"Need to know" security for data analysis (poster - the abstract will appear in the program)


The massive amounts of information that are being collected about each
of us will only increase as sensors become ever cheaper and more
powerful. Analysis of this wealth of data supports advances in medicine
and public health, improved software and services through user pattern
analysis, and more efficient economic mechanisms. At the same time, the
potential for misuse of such data is significant. A long-term research
question is how best to support beneficial uses while inhibiting misuse.

One approach is to enable individuals to maintain tighter control of
their own data while still supporting the computation of group
statistics. Currently, analysts are usually given access to all data in
order to compute statistics, and often use a third party service
provider to store, or even process, such data. Either the third party
has access to all data or the data are encrypted, in which case the
third party does no processing. An interesting research question is how
to provide mechanisms to support “need to know” security in which an
individual has full access to her own data, the third party learns
nothing about the data but can nevertheless contribute to the
processing, and the analyst learns only the desired statistics. We have
explored “need to know” security in connection with MyUnity, a prototype awareness system.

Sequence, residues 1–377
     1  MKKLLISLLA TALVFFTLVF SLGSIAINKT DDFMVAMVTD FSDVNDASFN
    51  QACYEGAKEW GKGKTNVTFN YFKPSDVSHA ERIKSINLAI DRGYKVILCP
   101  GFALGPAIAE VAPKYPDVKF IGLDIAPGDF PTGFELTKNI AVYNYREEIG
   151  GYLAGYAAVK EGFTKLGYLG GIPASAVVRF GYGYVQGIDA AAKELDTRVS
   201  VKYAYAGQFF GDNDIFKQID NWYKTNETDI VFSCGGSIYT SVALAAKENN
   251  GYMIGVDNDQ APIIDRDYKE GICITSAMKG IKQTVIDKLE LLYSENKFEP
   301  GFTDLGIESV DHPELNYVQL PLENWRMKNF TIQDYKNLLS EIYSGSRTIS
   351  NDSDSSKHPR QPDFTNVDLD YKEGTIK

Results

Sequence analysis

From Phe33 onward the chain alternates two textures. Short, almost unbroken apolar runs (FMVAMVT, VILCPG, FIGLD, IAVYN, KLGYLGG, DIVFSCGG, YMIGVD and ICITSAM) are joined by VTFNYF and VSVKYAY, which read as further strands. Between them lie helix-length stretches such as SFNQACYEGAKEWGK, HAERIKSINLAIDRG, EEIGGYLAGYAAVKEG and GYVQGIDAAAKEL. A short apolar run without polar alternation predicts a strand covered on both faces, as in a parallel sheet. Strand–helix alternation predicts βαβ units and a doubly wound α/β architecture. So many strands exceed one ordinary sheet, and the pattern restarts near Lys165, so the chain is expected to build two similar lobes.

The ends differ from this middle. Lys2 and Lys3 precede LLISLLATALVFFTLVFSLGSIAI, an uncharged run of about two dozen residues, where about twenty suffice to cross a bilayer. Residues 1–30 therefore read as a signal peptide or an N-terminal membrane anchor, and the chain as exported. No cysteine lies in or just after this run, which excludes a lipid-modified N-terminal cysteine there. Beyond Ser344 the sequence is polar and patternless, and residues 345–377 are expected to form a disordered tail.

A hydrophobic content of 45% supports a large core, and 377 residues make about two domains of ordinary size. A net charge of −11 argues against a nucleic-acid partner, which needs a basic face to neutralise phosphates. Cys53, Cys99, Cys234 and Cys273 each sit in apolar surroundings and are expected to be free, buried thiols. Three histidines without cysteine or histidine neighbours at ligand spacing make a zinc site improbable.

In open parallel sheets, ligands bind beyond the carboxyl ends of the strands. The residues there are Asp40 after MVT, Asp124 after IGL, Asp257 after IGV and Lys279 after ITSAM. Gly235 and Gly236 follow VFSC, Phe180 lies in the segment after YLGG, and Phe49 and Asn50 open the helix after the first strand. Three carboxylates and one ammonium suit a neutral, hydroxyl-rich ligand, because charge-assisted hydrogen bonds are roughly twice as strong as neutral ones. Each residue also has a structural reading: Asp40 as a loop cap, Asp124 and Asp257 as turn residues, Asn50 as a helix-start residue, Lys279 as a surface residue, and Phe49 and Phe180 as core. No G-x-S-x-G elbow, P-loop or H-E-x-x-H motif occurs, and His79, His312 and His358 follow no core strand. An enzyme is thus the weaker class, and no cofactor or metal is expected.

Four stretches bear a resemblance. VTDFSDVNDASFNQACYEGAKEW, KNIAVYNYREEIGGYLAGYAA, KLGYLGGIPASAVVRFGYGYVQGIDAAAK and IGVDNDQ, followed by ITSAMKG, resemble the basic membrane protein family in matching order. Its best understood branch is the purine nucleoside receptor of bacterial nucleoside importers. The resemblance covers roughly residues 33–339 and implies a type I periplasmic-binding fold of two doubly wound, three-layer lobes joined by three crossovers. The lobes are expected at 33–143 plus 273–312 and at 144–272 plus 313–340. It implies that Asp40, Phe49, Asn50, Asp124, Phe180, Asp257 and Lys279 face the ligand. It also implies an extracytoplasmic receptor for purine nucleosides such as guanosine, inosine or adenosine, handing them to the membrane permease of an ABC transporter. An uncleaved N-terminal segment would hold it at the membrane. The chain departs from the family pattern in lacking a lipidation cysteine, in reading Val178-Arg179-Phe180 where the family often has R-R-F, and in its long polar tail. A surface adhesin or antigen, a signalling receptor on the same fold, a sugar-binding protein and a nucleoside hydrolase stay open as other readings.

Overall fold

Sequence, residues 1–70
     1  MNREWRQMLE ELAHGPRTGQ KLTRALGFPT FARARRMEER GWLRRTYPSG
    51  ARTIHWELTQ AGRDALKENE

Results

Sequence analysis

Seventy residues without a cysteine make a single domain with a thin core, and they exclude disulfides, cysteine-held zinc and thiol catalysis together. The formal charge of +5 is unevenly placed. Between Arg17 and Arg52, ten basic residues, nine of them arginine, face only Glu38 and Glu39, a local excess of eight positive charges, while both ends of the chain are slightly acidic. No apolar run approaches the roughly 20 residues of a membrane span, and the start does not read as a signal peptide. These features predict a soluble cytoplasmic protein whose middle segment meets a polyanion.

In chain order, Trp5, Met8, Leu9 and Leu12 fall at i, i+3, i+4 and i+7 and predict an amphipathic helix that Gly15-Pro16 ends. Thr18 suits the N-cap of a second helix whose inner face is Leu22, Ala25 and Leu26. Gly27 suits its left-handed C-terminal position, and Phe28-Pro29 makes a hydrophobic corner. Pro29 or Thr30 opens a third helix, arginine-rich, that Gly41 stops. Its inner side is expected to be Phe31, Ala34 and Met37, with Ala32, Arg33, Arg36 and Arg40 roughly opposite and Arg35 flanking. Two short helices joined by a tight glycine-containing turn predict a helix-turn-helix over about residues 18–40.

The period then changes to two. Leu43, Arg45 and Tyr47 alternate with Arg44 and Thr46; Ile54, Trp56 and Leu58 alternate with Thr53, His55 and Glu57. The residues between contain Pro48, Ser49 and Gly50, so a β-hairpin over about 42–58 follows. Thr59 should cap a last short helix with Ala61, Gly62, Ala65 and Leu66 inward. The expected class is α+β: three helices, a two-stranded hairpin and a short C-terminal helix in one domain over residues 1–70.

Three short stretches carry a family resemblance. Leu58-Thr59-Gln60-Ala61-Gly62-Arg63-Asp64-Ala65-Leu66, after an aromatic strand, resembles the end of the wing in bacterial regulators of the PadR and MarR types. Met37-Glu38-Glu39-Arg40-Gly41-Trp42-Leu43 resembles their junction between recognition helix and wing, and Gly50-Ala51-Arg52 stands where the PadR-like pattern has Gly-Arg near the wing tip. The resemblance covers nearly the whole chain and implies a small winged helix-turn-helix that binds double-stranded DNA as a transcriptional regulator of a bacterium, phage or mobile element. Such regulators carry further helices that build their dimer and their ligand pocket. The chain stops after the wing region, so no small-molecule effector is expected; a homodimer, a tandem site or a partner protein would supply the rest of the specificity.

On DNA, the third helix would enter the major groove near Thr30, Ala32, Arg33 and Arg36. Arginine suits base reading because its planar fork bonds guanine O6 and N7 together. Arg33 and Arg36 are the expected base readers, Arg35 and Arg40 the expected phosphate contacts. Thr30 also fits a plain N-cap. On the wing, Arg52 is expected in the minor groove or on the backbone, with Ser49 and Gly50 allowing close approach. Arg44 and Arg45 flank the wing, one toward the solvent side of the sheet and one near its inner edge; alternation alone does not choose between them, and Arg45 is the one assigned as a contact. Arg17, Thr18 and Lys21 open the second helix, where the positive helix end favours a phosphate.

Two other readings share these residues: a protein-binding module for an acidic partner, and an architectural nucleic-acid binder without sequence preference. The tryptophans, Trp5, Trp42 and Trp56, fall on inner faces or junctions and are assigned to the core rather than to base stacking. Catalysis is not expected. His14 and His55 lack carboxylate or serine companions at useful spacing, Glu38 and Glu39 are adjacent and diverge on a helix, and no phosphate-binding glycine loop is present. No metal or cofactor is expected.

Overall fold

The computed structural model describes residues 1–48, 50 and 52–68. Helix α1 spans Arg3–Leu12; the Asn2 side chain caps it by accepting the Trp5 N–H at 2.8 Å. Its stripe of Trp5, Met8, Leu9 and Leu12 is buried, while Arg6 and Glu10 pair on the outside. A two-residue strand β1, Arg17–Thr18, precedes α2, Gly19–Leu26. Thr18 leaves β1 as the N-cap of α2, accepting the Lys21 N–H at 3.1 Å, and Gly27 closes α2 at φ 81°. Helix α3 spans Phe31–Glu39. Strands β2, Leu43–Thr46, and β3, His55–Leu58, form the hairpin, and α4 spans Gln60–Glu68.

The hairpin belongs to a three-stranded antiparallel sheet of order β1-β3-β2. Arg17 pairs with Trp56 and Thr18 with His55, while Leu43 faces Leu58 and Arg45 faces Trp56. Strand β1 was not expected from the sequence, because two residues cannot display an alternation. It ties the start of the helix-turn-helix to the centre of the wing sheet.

MyUnity collects data from a variety of sources and displays summary
presence states, such as “in office” or “with visitor,” computed
from the received data. MyUnity was deployed in a small research lab and
has been in use by over 30 people for more than a year. To avoid
concerns about misuse, the system did not store any data initially. The
researchers developing the system were interested, however, in analyzing
usage patterns, and users expressed interest in seeing personal trends,
activity patterns of coworkers, and long-term data pooled across groups
of users, all requiring data to be stored. At the same time, users
continued to be concerned about misuse of stored data. We looked at
“need to know” security for cases in which, at each time step, each
member of a group of users has a value (i.e., a presence state) to
contribute, and the group would like to provide only an aggregate view
of those values to people outside their group.

We designed and implemented an efficient protocol that enables each user
to encrypt under her own key in such a way that a third party can
compute an encryption of a sum across values encrypted under different
keys without the need for further interactions with the individuals. The
protocol provides means for an analyst to decrypt the encrypted sum. We
designed key structures and extensions to provide a family of efficient
non-interactive “need to know” protocols for time series data in which
the analyst learns only the statistics, not the individual data values,
and the third party learns nothing about the values.